I think Donald Trump’s gonna be our next President . . . and I’m not exactly sure how I feel about that.
I’ve had an epiphany of sorts. As much as the rational side of my brain likes to think that how we pick our leaders, particularly our President, is a logical process that adequately and equally weighs the pros and cons of the qualifications and character of each candidate, if we’re honest with ourselves, that’s not the way it works. In fact, I think the overwhelming majority make the decision of who to support for President in particular with emotion and not logic.
And I’ll give you some examples.
JFK over Nixon in ‘60
Reagan over Carter in ‘80
Clinton over Bush in ‘92
Obama over McCain in ’08
The winners of each of these contest won the battle for emotion. Nixon was clearly more qualified. But he had that disastrous TV debate appearance where those that heard the debate thought he won, but those that saw it thought he looked “old”. Reagan had “Morning in America” and “that shiny city on the hill”. Clinton played Fleetwood Mac tunes as his campaign theme song and looked young and energetic. He “felt your pain”. And no one in the history of our nation was less qualified to be President than Obama. No one. But nothing stuck to him. “He never had a real discernible job and had no record of success anywhere”. No problem. “He hung around with shady characters”. No big deal. He was hopey and changey and that was that. In fact, the guy who’s best on television wins. And Trump is an order of magnitude better than anyone on either side of the ledger in 2016 on TV. In fact, TV has essentially bankrolled his campaign. He has literally owned the airwaves with tens of millions of dollars in earned media. And though he is a bit gaffe-prone, those gaffes aren’t sticking for the most part and it’s compelling to watch.
Like Obama, Trump’s a bit of a political Rorschach test. Since he doesn’t have much of a political resume, people can see in him a lot of different things, which is helpful when you’re selling yourself to 300 million people. He exudes confidence and success and, on balance, folks like that. Sure, he comes off a little crazy and unscripted, but I think folks believe that he comes by it honestly. I know a lot of conservatives are pretty riled up about him. Honestly, I’m not as much. I’ll tell you why. First, the competency bar is incredibly low. Obama has proven that once and forever. Second, I think he has the emotion on his side and he is opening up a potential huge swath of the middle for Republicans. Third, if Republicans were to keep the Congress, I don’t think you’d see a President Trump buck the trend of that Congress significantly. In other words, I think a Republican Congress means more with a guy like Trump.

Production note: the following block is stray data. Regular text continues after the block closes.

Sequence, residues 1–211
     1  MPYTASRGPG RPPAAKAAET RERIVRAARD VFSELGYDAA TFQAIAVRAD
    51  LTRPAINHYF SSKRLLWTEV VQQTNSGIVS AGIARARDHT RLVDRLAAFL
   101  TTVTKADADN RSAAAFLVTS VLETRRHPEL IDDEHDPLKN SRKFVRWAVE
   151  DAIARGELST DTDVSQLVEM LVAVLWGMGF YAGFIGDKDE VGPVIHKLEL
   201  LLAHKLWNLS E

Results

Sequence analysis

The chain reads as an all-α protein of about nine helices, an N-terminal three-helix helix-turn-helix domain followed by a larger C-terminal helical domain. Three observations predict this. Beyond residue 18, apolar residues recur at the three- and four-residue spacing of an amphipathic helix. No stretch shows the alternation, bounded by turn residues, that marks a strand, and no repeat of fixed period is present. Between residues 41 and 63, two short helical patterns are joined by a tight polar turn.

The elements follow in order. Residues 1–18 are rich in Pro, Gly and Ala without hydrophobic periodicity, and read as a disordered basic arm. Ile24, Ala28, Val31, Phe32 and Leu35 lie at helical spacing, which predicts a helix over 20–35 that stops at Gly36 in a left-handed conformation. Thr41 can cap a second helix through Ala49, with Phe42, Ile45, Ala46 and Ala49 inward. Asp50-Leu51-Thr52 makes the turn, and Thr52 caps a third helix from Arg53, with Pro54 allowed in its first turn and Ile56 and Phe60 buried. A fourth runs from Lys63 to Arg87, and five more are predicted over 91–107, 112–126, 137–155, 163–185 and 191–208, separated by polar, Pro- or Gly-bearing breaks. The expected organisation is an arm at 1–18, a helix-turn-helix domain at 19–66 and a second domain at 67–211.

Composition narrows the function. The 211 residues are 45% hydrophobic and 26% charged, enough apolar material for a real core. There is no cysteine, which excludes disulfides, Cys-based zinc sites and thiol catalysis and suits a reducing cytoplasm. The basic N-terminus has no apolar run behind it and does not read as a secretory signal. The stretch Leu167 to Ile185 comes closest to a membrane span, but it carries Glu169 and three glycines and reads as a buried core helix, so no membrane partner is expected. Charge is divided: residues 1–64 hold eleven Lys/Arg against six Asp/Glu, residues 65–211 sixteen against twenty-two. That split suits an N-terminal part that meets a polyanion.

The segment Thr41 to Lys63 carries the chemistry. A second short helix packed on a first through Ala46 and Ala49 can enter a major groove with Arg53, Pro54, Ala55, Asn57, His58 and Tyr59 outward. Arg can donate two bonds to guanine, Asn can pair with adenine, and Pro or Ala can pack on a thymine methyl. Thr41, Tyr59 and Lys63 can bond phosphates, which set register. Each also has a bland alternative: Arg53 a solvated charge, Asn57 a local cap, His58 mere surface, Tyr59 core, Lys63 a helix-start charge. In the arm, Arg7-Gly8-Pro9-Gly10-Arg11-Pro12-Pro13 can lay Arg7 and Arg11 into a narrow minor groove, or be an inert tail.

And just like Obama, nothing is sticking to him. 3 wives? No problem. 4 bankruptcies? Next. No political experience? That’s actually now a plus for most voters. We are not talking about any of those things that would be ordinarily be killers for any other candidate. He’s caught lightening in a bottle.
And he has enunciated a pretty clear message. Win.
He’s made it that simple. And anywhere he’s not the best, he says he’s committed to hiring the best. Now I’m not saying that I’m a 100% believer yet. He’s still got work to do with me personally, and a lot of that is predicated on who he surrounds himself with. But it’s resonating with a large portion of the country, and it’s hard to argue with his campaign results thus far.
If you start to dig down in some individual state numbers, you are starting to see that he has some interesting states in play. Michigan, Pennsylvania, Minnesota, Illinois and possibly even New York. If he can somehow pick off a legitimate blue state, it’s ball game, folks. As much as the fire-breathers would like you to believe, Republicans can’t “out-red” the rest of the country. There are certain states they have to win. But if Republicans can pick off a big blue state, the arithmetic completely flips. Trump, unlike anyone else in the race, has the potential to honestly flip a state. Cruz, Rubio and Kasich can only hope to cobble together the Bush43 coalition of states. It’s just hard to imagine scenario that they’ll be a threat anywhere but there.
And when Trump’s contrasted against Ted Cruz, who may be simultaneously the least likeable and potentially the most catastrophic presidential candidate ever, he actually looks OK. Cruz as the Republican nominee would doom the party to a generation of electoral darkness. His only job as a Senator has been to work with 99 other people, and not one of them has endorsed him. In fact, by all appearances all but about two of them can’t even stand to be in the same room with him. Looking at the leadership team he chose in Mississippi, it doesn’t look like that’s much of an aberration.
Let’s be honest. This country is super angry, on both sides of the political aisle. Speaking only for Republicans, we’ve done it to ourselves. And this isn’t some indictment of “the establishment”. The Cruz-wing, Tea Party bomb-throwers have equal amounts of culpability in not advancing the Republican brand or the ideals that make life better for everyone. Not big fat cats. Not fire-breathing flag wavers. Everyone.
The old adage is “we get the government we deserve”. It looks like we might in 2016. Again, I haven’t resolved myself to exactly how I feel about it, but I’m not scared of it. Mississippi in 2012 voted for Rick Santorum (God, help us), but I think Trump is on pace to do pretty well here on March 8. But one things for sure – it’s gonna be interesting.